As the Minnesota Vikings worked through preseason practice last week in Mankato, Ramsey County commissioners and team officials were doing intensive work on the specifics of a proposal to help build a new football stadium for the team in Arden Hills.
Without revealing new details, team owner Zygi Wilf reportedly said an agreement was “pretty much done.”
The movement that the team is trumpeting stands in stark contrast to the pace at which the stadium issue has moved at the Capitol this year. Bills were introduced during this year’s legislative session by Sen. Julie Rosen, R-Fairmont, and Rep. Morrie Lanning, R-Moorhead, that involved local sources of funding for a stadium.
Even though the legislation was introduced in April, there was scant attention paid to the stadium issue while lawmakers clawed their way toward the budget agreement that ended the government shutdown. Although both Lanning and Rosen sit on influential finance committees in their respective chambers, the proposal wasn’t heard in committee during either the regular or special sessions.
With the dust now settling on the budget, Lanning and other point people on the Vikings issue are trying to build support for a bill that can pass both legislative chambers in time to meet the implicit deadline that arrives with the expiration of the Vikings lease at the Metrodome at the end of the coming season.
“What’s going to happen now in the next month or so is try to finish up any loose ends that need to be tied up before we move forward with the proposal,” Lanning said. “Once we’ve got a proposal pretty well in hand, then we’ll start working legislators to see what kind of support there will be.”
The proposal on the table involves $350 million from Ramsey County that would be derived from a half-cent countywide sales tax increase. The state is being asked to provide $300 million from sources that are yet to be determined. While legislators roundly reject spending general tax dollars on a stadium, there could be more appetite for stadium-specific sources of revenue like a sports memorabilia tax.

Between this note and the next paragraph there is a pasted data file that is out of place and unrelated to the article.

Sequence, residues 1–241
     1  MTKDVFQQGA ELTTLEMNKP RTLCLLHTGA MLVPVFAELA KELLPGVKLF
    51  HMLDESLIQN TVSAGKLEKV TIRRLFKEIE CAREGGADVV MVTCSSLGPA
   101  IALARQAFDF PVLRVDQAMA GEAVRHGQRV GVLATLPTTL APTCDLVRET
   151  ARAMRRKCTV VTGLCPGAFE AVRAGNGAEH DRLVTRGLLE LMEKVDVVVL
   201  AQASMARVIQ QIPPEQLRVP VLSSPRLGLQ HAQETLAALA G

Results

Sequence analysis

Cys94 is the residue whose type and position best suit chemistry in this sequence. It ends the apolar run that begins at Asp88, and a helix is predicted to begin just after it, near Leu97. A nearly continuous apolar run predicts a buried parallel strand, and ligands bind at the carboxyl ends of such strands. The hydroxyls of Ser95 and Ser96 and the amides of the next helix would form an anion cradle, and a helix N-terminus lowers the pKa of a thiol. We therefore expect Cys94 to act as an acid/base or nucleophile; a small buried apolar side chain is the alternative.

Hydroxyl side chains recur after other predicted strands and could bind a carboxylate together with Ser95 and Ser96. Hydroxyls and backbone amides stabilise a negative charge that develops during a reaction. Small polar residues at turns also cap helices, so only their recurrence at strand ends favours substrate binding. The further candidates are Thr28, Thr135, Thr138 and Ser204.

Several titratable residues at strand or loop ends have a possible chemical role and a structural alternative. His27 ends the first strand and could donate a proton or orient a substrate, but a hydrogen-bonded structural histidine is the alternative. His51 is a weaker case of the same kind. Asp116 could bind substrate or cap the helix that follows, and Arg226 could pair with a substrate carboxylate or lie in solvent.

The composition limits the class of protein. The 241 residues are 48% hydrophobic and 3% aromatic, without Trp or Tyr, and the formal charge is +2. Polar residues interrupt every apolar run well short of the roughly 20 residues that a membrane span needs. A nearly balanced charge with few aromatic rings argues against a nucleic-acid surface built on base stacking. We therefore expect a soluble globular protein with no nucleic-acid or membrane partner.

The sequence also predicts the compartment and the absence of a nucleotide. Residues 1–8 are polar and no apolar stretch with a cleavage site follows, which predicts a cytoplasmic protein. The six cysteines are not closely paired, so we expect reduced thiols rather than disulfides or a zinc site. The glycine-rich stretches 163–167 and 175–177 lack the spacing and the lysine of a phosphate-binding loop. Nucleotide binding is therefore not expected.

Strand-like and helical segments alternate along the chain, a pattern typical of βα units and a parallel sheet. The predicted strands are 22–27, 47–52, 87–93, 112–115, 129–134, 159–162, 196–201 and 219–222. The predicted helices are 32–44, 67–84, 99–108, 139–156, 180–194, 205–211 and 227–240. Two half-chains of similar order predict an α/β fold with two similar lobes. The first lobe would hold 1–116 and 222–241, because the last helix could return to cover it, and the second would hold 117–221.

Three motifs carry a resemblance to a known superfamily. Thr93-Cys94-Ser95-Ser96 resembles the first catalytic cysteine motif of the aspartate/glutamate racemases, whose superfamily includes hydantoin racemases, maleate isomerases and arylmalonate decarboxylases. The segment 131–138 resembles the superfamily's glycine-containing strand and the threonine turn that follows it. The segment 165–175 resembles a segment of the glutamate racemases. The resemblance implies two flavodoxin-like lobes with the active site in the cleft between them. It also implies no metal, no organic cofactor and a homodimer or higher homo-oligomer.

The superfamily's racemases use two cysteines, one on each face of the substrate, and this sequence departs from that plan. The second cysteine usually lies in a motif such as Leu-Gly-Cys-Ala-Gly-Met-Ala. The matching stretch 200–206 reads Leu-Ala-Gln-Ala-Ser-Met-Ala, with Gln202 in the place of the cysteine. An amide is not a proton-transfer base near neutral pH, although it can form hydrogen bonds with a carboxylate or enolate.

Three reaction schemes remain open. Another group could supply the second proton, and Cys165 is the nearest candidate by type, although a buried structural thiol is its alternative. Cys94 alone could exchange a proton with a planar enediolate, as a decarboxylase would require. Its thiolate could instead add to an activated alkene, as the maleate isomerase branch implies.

Freshmen generally opposed
But the stadium will be a tough sell in the Legislature for some of the same reasons that the budget process was so fraught — chief among them a strong phalanx of conservative Republican legislators who are opposed to additional government spending in any form. Sen. Dave Brown, R-Becker, is unhappy that the final budget shifted state K-12 payments into the future to plug the deficit. He doesn’t think money should be going to a stadium if the Legislature cannot provide stable funding for schools.
“If they are looking for money from the state, I would have to ask, where is that going to come from?” Brown said. “We couldn’t find enough money to pay our school districts on time, and now we’re going to find money to help fund a stadium. That doesn’t make any sense to me.”
Brown said he doubts the memorabilia tax will garner enough support in the Legislature.
Sen. Jim Metzen, DFL-South St. Paul, who has been a stadium supporter, noted that many Republicans during the session wore lapel pins that said “Not a Penny More.” Getting a stadium passed in an environment dominated by staunch fiscal conservatives will be a challenge, he said.
“I think there are about 17 new [Republican] members [in the Senate],” Metzen said. “I would guess more than half of those new members or more are Tea Party-leaning conservatives.
“I don’t know how they can round up enough [votes]. Certainly it’s going to take both parties.”